They also did not hire a coach who is known for playing young guys a lot. The joke in L.A. was that his bench was often filled with either former Celtics players or role players who killed his Celtics teams as opponents. I can't imagine he's going to suddenly be the guy who gives a raw player like Smith a ton of minutes. He's probably better off selling as a lottery ticket to teams who have time and patience to develop him.

Just like it can all go south quickly, it can all turn quickly with the right series of moves. It's not always the big, splashy deal that allows everything to fall into place, so even though the Sixers are inclined to chase those at all costs, it could be an unexpected development that helps them turn the corner. Maybe Shake Milton makes another leap, maybe their first-round pick this year is a surprise star, maybe they take a flier on a player with some red flags who ends up blossoming here.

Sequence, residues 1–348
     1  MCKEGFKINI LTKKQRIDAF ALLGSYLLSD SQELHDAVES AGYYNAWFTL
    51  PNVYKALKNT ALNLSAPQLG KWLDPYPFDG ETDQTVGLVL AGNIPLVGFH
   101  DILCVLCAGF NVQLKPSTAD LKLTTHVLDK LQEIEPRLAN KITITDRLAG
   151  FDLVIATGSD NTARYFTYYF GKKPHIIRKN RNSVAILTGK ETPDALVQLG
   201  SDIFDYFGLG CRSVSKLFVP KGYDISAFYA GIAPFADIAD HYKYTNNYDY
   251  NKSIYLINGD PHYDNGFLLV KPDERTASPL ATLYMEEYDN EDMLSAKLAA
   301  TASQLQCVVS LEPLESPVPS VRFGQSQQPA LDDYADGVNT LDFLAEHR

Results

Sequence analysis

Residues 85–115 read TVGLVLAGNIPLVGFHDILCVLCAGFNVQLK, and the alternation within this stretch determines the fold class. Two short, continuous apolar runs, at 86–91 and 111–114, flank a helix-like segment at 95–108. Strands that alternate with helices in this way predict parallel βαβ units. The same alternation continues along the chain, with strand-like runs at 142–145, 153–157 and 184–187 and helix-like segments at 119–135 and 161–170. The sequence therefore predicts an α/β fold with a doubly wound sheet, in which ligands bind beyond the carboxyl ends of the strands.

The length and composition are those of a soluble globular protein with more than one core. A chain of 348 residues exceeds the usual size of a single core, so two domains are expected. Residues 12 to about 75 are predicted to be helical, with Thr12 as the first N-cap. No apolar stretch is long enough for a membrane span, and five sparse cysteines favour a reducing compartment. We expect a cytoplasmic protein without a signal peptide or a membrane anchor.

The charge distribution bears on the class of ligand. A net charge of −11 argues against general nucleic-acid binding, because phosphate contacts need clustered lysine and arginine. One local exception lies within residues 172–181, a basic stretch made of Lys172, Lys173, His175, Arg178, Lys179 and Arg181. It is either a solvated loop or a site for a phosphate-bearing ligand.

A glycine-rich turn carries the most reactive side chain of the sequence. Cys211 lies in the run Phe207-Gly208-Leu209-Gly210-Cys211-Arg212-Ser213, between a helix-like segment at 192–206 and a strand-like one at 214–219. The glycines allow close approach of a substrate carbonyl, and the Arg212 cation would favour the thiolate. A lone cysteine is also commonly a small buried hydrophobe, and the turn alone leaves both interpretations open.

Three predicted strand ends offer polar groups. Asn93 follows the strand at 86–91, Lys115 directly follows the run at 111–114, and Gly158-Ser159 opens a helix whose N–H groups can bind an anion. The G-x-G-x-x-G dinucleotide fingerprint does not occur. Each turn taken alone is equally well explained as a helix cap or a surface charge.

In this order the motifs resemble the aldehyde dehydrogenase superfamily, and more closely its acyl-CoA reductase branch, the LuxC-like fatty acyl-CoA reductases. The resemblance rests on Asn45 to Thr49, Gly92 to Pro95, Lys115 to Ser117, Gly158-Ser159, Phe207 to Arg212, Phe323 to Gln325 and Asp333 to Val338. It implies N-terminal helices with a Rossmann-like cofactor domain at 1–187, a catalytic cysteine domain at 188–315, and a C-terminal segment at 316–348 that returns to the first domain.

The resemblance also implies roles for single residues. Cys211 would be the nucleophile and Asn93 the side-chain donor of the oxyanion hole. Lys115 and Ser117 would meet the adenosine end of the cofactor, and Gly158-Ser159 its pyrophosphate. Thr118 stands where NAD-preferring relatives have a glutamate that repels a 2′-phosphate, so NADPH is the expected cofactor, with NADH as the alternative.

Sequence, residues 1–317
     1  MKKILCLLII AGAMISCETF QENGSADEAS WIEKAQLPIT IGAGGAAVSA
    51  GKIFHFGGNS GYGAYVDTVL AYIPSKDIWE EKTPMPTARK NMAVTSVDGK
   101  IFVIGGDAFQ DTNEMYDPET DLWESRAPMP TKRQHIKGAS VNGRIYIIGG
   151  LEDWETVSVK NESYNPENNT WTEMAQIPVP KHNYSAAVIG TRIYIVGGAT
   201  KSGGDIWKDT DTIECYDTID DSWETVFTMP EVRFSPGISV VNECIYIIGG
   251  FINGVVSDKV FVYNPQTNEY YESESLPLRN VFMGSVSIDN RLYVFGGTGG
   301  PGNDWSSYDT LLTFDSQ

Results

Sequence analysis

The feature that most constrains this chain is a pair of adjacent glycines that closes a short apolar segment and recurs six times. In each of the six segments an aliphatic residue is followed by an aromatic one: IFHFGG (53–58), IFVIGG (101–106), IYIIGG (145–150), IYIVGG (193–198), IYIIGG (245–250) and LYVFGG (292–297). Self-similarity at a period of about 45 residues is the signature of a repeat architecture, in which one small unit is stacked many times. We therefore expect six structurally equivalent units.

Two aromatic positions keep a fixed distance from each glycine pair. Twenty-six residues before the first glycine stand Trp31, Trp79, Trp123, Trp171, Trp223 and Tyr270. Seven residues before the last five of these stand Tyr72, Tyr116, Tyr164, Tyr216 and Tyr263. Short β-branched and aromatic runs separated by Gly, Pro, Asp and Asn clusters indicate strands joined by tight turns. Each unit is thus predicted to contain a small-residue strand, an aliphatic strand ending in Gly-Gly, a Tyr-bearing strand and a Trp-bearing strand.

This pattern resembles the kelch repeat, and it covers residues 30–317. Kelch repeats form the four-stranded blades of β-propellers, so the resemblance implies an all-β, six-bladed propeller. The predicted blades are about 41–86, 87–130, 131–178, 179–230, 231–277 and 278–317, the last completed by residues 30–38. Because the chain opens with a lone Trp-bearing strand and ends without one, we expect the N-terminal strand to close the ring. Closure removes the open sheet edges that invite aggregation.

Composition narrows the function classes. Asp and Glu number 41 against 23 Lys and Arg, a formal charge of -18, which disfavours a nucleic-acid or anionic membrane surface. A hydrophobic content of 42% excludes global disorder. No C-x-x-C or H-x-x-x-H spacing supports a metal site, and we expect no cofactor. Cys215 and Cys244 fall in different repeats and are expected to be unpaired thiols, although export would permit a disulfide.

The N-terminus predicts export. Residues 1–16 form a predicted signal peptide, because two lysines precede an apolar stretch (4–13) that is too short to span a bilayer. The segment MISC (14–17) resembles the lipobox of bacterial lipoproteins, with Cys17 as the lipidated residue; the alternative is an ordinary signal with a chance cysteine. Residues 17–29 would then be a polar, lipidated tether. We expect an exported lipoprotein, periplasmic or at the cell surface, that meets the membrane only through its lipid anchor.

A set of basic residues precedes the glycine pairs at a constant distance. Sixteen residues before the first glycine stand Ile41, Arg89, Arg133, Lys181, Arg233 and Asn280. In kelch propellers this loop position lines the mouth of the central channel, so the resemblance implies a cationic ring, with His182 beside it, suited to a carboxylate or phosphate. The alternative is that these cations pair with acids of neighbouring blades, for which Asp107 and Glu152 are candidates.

It doesn't look good right now, and I have written as much. They do at least have talent, though, which is the start of any successful run. 

Not based on any intel and this might surprise people, but I'll say Richardson. He has the most trade value of the guys who you could say are "expendable," he's on an expiring contract, and he doesn't fit all that well with Simmons and/or Embiid. Do they really want to pay him next summer with all the bad money already on the books?

There's a good chance the Sixers test the market and find it costs too much (maybe even Thybulle!) to dump Horford or Tobias Harris. They won't run into that problem with Richardson.

This is the start of video game/PlayStation 5 questions. You have been warned.